April 17, 2012: From the desk of SHADAC Director Lynn Blewett
Last week I had the privilege of attending TEDMED, the annual “grand gathering” of people who are imagining the future of health and medicine. Thank you to the Robert Wood Johnson Foundation for inviting me to TEDMED as their guest--I loved it! I felt like I was crashing a big private party of smart and up-and-coming business leaders and innovators. Out of the 1500+ people in attendance, I knew about ten—I kept wondering, who are the rest of these people, and what are they up to? Luckily, the vibe of the conference was positive, with lots of energy and an expectation that attendees would engage with one another—the true art of casual conversation.
I was a bit surprised at what made the top of the list of the 20 “Great Challenges of Health and Medicine,”—Inventing Wellness Programs that Work. Really?! NOT the persistent and growing disparities in health? NOT the 50 million who lack any kind of health insurance coverage? NOT the 16 million children living in poverty in the United States? Definitely not my usual crowd of health policy analysts and health services researchers. However, I tried to keep an open mind, recognizing that wellness initiatives are critical to reducing obesity and improving health.
Part Marketing, Part Health Promotion
Was this a “be-healthy” conference? In part. The beautiful big-wave surfer Laird Hamilton and his equally beautiful 6’3” volleyball player/model wife talked about making health “sexy and fun!” And my highlight: Billy Jean King talking with Katie Couric about the benefits to girls of Title IX and the lack of funding for neighborhood rec centers and public school gym classes. A young man asked me later what Title IX was. Shocked, I explained that when I went to high school I played on the tennis team in the fall, but the only option open to me for a winter sport was Badminton. Today girls can play ice hockey, volleyball, basketball, etc.—just like the boys!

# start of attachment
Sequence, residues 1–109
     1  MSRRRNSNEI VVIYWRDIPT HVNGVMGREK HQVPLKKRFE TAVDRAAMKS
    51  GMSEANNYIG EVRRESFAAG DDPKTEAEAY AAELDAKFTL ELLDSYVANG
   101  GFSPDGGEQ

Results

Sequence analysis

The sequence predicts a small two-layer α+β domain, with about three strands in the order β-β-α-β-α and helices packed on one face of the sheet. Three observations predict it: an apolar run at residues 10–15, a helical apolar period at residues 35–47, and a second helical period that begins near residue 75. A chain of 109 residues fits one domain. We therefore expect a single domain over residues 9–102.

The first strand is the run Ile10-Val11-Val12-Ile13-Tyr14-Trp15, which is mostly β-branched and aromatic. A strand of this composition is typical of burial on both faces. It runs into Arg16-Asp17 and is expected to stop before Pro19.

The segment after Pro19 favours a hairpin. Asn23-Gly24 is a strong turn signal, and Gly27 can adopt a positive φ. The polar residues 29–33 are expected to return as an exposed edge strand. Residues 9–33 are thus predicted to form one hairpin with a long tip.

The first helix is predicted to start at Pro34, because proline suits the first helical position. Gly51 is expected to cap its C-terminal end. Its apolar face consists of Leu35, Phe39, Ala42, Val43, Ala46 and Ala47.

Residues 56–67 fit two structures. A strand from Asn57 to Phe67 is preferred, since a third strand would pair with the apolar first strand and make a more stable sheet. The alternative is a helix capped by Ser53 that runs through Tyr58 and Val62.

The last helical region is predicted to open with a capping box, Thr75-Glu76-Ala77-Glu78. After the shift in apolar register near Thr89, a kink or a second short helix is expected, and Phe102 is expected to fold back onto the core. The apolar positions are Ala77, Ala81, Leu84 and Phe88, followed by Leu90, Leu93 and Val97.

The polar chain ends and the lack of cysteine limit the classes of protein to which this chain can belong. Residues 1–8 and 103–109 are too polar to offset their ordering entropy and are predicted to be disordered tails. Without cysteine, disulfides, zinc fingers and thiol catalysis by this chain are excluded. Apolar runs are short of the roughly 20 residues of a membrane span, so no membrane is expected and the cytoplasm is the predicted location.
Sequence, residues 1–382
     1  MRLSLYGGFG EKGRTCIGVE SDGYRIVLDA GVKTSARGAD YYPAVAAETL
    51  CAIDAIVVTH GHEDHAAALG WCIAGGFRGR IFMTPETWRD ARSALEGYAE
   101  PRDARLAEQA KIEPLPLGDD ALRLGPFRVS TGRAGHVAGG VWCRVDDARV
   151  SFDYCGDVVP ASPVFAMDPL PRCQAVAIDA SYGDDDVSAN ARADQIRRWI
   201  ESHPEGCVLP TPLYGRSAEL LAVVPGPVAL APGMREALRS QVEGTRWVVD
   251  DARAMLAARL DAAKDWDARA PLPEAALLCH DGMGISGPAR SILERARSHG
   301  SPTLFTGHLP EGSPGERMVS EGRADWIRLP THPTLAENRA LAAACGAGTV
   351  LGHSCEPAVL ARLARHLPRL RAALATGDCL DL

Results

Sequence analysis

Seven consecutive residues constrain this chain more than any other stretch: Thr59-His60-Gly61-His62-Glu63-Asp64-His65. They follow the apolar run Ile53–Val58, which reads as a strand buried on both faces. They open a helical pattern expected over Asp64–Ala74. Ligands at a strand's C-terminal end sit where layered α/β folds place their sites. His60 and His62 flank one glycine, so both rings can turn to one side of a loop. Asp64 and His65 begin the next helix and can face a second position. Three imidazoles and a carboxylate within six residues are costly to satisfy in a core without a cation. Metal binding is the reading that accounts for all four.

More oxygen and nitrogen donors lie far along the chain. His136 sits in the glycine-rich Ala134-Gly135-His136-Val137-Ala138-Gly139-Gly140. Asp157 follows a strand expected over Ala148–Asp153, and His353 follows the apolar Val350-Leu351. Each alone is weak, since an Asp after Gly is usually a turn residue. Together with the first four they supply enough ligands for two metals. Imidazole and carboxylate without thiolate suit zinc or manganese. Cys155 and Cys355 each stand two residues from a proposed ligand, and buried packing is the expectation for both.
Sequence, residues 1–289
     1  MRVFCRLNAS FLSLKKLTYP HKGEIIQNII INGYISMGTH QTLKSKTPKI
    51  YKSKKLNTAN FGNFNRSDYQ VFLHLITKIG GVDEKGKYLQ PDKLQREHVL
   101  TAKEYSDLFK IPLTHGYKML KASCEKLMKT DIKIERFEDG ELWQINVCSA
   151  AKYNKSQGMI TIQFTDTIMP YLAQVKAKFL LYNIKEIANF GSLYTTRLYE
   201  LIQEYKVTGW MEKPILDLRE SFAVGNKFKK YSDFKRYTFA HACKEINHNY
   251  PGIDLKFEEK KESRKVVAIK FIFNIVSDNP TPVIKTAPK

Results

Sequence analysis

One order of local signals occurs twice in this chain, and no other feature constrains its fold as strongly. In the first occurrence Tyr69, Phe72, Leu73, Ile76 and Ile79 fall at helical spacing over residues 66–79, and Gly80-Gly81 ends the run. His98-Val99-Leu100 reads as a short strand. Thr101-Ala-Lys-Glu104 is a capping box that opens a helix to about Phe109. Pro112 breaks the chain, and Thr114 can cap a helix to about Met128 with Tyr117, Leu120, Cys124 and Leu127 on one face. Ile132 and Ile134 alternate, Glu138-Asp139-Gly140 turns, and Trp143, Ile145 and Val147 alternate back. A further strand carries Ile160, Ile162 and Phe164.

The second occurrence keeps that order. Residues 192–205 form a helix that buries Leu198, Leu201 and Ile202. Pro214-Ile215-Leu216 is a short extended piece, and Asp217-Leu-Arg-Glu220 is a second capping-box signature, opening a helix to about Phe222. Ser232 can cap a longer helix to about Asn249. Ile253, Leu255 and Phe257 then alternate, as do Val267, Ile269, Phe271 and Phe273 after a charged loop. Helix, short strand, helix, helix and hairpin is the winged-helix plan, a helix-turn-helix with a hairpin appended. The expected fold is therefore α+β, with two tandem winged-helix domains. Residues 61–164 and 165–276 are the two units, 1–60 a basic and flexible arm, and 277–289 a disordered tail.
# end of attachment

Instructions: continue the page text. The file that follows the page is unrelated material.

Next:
The conference featured rock stars of healthy lifestyles, rock stars of medicine, and personal survivor stories…and marketing. The vegan multi-marathoner (with a book coming out); the professional violinist/neuroscientist (with a documentary due soon); the mother of an autistic child who learned to communicate with a keyboard and turned out to have a genius IQ (with a book of poetry available for purchase); along with the man who survived a mugging and knife attack through the work of a team of highly-trained and amazing surgeons. There were ALS doctors who want to put stem cells into the spinal cord but aren’t allowed to do human trials because of government regulations. Another presentation featured a brain implant that may lead to quadriplegics being able to walk with electro-skeleton arms and legs. Clearly a LOT of stuff was covered in a short amount of time!
TEDMED knows how to plan an event! The presentations were at the beautiful Kennedy Center Opera House. The bountiful lunches were in the Terrace restaurant area. Plus dinners with drinks and music —at the National Portrait Gallery, in the Library of Congress, and in the National Building Museum—all easily accessible by buses and trolleys complete with TEDMED bench cushions.
On the Role of Government
An interesting aspect of TEDMED was the general lens through which the role of government was presented. Mostly the message was that government is a barrier to innovation and advancement. And this was despite TWO presentations by the irrepressible U.S. Chief Technology Officer, Todd Park, championing the release and reuse of all the publicly available data the government has. Instead of focusing on policy, the talk was about products, new ideas, marketing and promotion, with lots of networking time built into the day. When I saw my few policy friends, we did talk about the Supreme Court and the Affordable Care Act and the election and health reform, but otherwise the topics weren’t at the forefront.
Maybe moving TEDMED to Washington, DC, will help bridge the divide between the world of innovation and scientific advancement and the world of societal problems like uninsurance, poverty, public education, and the high cost of higher education. Bridging this gap is a challenge that requires partnership between the private and public sector—and this would make the top of my list of great challenges!